Guidance for Commissioned Illustration

Are you hiring an artist to create an illustration for your home page? Great, that is always fun to work with! But your artist will want to know what dimensions to use, and that is by far the hardest question to answer. You can share this page with them for some tips to help them help me make the best use of their illustration.

When you are designing something for print, you know exactly what size the paper will be. When you are designing for a website, the screen it is viewed on could be any of a seemingly endless array of dimensions, from very wide and tall (desktop monitors), to very wide and short (laptops), to sort of in the middle (tablets horizontal), to tall and narrow (phones and tablets vertical).

For example, here are just some of the more common screen sizes/dimensions/resolutions (in pixels):

Standard website resolutions for mobile screens:

  • 360×640
  • 375×667
  • 414×896
  • 360×780
  • 375×812

Standard website resolutions for tablet screens:

  • 768×1024
  • 1280×800
  • 800×128
  • 601×962
  • 962×601

Standard website resolutions for laptop screens:

  • 1920×1080
  • 1366×768
  • 1440×900
  • 1536×864
  • 1024×768

And this list is not exhaustive — there are many more. So we can’t say “this is the size the screen will be” because it will all depend what it is being viewed on.

The first thing I need to know is how you are envisioning the illustration being used. Will it fill the whole screen or will there be space around it? Below are some scenarios with examples that I hope will be helpful! However, there are endless scenarios and different ways I can build things, so if your artist is able to send a rough sketch before they get too far, you can send it to me and I can let you know any potential issues I see.


One big illustration that will fill the width of the screen

These are the hardest to get exactly right and tell you dimensions for. My goal is to find a happy medium across all devices so that everyone can clearly see the most important parts of the illustration without scrolling. I may use the whole illustration on desktops/laptops, but crop it to be narrower on phones. I prefer these be a minimum of 1800 pixels wide. At that width, about the top 700ish pixels of the illustration will usually be visible without scrolling. With that in mind, some tips then for best success with illustrations:

Have the most important elements more towards the center:

They don’t have to be perfectly centered, but if there is some item you want everyone to see, avoid having it be off on the far left or right, or at the very bottom. A helpful but not definitive rule of thumb can be to have the most important stuff within the center-top 800 x 800 pixels of say an 1800 pixel wide illustration.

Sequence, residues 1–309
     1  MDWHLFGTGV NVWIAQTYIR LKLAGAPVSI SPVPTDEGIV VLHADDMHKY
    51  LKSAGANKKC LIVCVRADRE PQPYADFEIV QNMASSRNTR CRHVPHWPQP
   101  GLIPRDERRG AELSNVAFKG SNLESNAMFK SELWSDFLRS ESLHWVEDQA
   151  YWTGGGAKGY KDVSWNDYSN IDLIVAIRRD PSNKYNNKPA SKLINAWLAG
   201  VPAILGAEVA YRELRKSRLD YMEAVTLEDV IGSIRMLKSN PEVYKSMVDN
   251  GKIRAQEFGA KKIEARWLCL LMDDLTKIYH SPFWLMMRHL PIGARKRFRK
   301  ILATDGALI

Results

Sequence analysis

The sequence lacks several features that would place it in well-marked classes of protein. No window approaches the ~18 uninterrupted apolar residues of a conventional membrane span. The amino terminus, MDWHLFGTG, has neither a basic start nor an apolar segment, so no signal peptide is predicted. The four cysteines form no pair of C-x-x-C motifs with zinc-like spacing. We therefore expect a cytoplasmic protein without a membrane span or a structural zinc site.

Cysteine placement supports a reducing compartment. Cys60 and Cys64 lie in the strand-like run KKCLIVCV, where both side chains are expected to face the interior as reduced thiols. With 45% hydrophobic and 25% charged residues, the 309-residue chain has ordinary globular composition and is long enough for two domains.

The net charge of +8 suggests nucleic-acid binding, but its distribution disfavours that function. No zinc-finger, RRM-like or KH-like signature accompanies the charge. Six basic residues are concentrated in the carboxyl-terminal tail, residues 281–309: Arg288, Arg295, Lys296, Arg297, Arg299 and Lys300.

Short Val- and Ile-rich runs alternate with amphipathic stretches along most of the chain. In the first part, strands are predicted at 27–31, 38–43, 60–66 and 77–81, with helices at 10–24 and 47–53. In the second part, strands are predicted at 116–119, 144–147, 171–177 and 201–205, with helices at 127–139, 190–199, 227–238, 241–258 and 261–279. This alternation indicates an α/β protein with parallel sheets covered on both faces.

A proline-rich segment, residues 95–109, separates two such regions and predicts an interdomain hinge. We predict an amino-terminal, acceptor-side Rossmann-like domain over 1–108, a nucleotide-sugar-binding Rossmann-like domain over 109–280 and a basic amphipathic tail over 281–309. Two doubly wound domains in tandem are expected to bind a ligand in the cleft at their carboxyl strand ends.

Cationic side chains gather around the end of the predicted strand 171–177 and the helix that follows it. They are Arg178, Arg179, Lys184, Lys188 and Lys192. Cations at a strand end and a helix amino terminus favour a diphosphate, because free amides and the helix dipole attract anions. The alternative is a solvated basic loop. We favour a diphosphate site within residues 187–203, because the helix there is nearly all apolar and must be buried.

Here is a really good example of this. The image fills the screen, but the really important part — the hot air balloon — is towards the center of the illustration. On narrower screens you won’t see the landscape off to the sides, but you can always see the balloon.

When I receive illustrations for which really the whole illustration is needed, including all the way off to the sides, what I have to do is let the whole illustration scale down (rather than some of it being off screen on the right and left) which leads to be it being pretty short and small on mobile. This is fine! But it is important to consider as your illustration will be much smaller on phones and not as impactful.

Provide the illustration in pieces/layers if possible:

This allows me to move things around for different screens. This is usually not possible, but when it is, it really helps a lot. I can use most of the illustration as a background, and then have other things, like characters/animals/objects move closer together or be hidden on smaller/narrower screens.

For example, on this site  it looks like I have used one big flat illustration, but in reality, the sky is a separate image that I can repeat over and over again off to the left and right to fill any screen. So is the wall. The cats and sun are separate images that I can keep towards the center, and I even remove one cat for the narrow phone screens.

Avoid cutting off things on the sides:

Again this is frequently not possible, but very helpful when it is. Say you have a tree off on the right side — I will have more flexibility if I have the whole tree, not a cut off tree.

Generally, I would prefer a very wide illustration with important things towards the middle 800 pixels, with lots of space (really, there can’t be too much) off on either side that is still pretty, but not crucial. 


An illustration that will center the screen but not fill it:

These are much easier to work with. It is very important that no elements are cut off on the right or left. See this example. The tree and sun are two separate illustrations. I added the sky behind it as a separate layer.

Or this one. The family is the provided illustration. I added the background behind it as a separate layer.

And this one. The tree/hammock are the provided illustration. I added the sky behind it as a separate layer.

With these, the dimensions are much less important. What is more important is, unless you want a solid white background (like on this site), that I am able to isolate the illustration to place it on top of a background. This means either the illustrator provides it with a transparent background, or the edges of the illustration are clean enough that I can cut it out fairly easily.


Don’t panic!

I will make whatever you provide work. I always do. 😉 There will always be some compromises to make any illustration work across the wide variety of screen sizes. The above just minimizes the compromises we might have to make.